Omg. I have been experiencing the most excruciating allergic reaction to getting tattooed! And it’s been going on for two months, I couldn’t figure out what was happening at first and then finally put it together a week or so ago. The quickie rundown is massive breakouts and dry patches on my face, hives everywhere (and I do mean everywhere), constant itching followed by dryness and a general feeling of non-well-being.
I have been unbelievably uncomfortable and feeling unattractive for quite a while. So for those of you in NYC that I usually spend time with, this is the reason you haven’t seen me lately and I’m not taking anyone up on invites unless they’re really important. I’m just laying low, taking benadryl, smearing myself with healing lotions, and waiting for it to pass. I’m so self-conscious at the moment that I can’t relax into face-to-face conversations. But it is getting better and since the tattoo is finished for the time being I know it has to end at some point.
Also, I want to mention that I am very appreciative of the comments I receive on the blogs, it feels like a visit from friends, and I often think, “Oh, yay, Julie!” or whomever when I read them. And then I get lost in the day and don’t contact directly, which is I guess part of the life that we all lead on the interweb. There’s only so much time to type at the monitor. But I am very grateful for the contact and read everything written to me thoroughly, and if you are feeling unloved you’re always welcome to email me and ask, “Wtf, Mary? Why haven’t you written??”
So, down to it…
When Lila left her body I had a lightbulb moment (apologies for the Oprah reference) that feels worthy of sharing. It was such a peaceful passing that I was able to remain present in the moment and observe what was happening. Last time I lost a pet it was my dog Panda getting hit by a car, and that was such a screaming vortex of blood, guilt, sorrow and panic that I didn’t have any space to process the actual process of death, if you know what I mean.
When the vet euthanizes your animal he or she first injects them with an anesthetic. In Lila’s case she was already kind of out of it, although awake and aware. She screamed at him angrily when the needle went in, but then drifted pretty quickly into being completely stoned, and then further into unconsciousness. After the drugs have a chance to take effect, the vet then gives a second shot which is the killer (literally), and the effect is almost immediate.
So the interesting part of this situation is how different the two states are, even though the cat remained in exactly the same sleeping pose. One minute she was there and sleeping, the next we were petting an absolutely empty shell and as saddened as we were to never be able to touch her again after that day, it seemed pointless to stay in the room petting her lifeless body for too long.
Which leads me to the lightbulbing: At that moment I understood in a deeper way than before that we are not our bodies and are simply using them as vehicles. Which is not that new an idea, but I felt it throughout my being rather than only as an idea in my brain. It is so easy! Our souls are noodling around in various vehicles, some slick and fancy, some utilitarian and puttery, but all just vehicles, and all vehicles that we will step out of once they stop working.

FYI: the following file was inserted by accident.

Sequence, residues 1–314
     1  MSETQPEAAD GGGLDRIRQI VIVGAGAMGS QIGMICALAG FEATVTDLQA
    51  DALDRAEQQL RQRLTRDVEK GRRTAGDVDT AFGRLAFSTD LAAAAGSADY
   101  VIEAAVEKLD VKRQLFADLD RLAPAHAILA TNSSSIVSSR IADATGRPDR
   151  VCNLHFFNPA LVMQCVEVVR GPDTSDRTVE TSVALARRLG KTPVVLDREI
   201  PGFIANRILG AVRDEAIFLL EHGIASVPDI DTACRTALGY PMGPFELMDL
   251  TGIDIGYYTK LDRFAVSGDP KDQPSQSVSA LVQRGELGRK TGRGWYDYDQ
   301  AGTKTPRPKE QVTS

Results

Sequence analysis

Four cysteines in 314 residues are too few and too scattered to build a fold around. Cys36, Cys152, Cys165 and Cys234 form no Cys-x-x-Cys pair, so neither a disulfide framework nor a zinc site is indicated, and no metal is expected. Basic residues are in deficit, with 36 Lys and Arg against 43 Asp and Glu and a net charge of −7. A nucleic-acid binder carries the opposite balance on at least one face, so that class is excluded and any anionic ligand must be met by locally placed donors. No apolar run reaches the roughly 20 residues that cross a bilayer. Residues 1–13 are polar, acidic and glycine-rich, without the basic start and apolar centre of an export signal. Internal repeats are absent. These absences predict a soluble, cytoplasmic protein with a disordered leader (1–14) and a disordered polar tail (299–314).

A few nights later I visited some bartending friends (wearing 3 layers of makeup to mask the current delightful skin condition), and they were so busy and I am so antisocial at the moment that I had ample time to sit and and observe the crowd without conversating. As I watched everyone interact I thought about the choices that each one of us had made–clothing, hairstyle, job, friends, and yes, body and brain. It was so clear to me that we are just playing our roles of the moment and that we get so wound up in the parts that we’re playing that we don’t know how to step out and be amused by ourselves and our lives. We can’t see our true selves in any sort of objective fashion because we’re peering out from inside our bodies. And these bodies and lives are heavy trucks to drive at times.
So my question is, if this body/life is temporary, why am I taking it so fucking seriously all the time? Why am I not enjoying my (generally) healthy, attractive, intelligent state instead of stressing about my waist size or whether some dumb fuck at work doesn’t understand my needs or desires? Why am I wasting one second feeling angry or stressed about bullshit when it’s just a game that will end at some point? And the primary question is, why not just entertain myself with this game and try to make it as comfortable for myself and others while we’re on the playing field together?
Obviously easier said than done. I still have to earn a living and suffer the occasional fool and not eat a pound of pasta per day. But it feels freeing to me, and I’d like to hang onto the feeling that I am a visitor and a co-conspirator with those around me. Try it next time you’re in a crowd, I think you’ll be surprised at how easily you can step out of yourself when observing others.